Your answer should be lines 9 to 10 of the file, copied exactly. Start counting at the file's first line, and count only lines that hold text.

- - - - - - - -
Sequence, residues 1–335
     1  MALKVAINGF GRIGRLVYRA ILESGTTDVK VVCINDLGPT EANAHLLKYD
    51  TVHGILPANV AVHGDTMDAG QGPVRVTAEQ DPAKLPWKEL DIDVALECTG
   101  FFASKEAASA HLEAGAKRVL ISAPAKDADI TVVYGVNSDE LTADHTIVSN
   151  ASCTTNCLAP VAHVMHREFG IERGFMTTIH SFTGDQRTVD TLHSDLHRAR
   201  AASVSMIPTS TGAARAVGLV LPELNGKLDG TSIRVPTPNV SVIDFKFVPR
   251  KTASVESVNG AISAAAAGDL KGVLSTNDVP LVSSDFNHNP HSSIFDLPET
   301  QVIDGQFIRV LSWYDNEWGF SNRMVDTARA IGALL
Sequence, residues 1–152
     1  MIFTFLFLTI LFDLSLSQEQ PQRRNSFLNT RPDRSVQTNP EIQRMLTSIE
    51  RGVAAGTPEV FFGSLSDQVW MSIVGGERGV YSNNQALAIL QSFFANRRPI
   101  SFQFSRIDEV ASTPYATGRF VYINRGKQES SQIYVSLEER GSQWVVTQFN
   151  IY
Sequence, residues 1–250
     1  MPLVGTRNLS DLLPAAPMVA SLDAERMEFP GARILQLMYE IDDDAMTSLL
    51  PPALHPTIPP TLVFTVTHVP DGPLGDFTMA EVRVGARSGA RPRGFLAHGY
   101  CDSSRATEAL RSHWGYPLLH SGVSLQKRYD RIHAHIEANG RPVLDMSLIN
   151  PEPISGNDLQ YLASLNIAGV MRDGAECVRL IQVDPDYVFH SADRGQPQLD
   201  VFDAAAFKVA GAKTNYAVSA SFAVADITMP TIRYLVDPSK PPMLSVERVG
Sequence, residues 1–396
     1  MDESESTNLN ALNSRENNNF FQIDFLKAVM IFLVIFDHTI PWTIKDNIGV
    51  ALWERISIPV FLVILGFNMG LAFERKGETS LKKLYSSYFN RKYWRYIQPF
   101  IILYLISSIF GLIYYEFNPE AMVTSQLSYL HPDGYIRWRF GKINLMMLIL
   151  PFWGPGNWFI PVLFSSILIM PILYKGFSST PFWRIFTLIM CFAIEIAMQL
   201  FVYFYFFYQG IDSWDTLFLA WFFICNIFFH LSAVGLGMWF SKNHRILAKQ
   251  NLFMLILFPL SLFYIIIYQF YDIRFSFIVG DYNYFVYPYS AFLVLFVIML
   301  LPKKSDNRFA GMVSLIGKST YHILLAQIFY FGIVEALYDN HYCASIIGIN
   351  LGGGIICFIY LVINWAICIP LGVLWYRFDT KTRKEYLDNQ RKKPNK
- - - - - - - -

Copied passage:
Sequence, residues 1–152
     1  MIFTFLFLTI LFDLSLSQEQ PQRRNSFLNT RPDRSVQTNP EIQRMLTSIE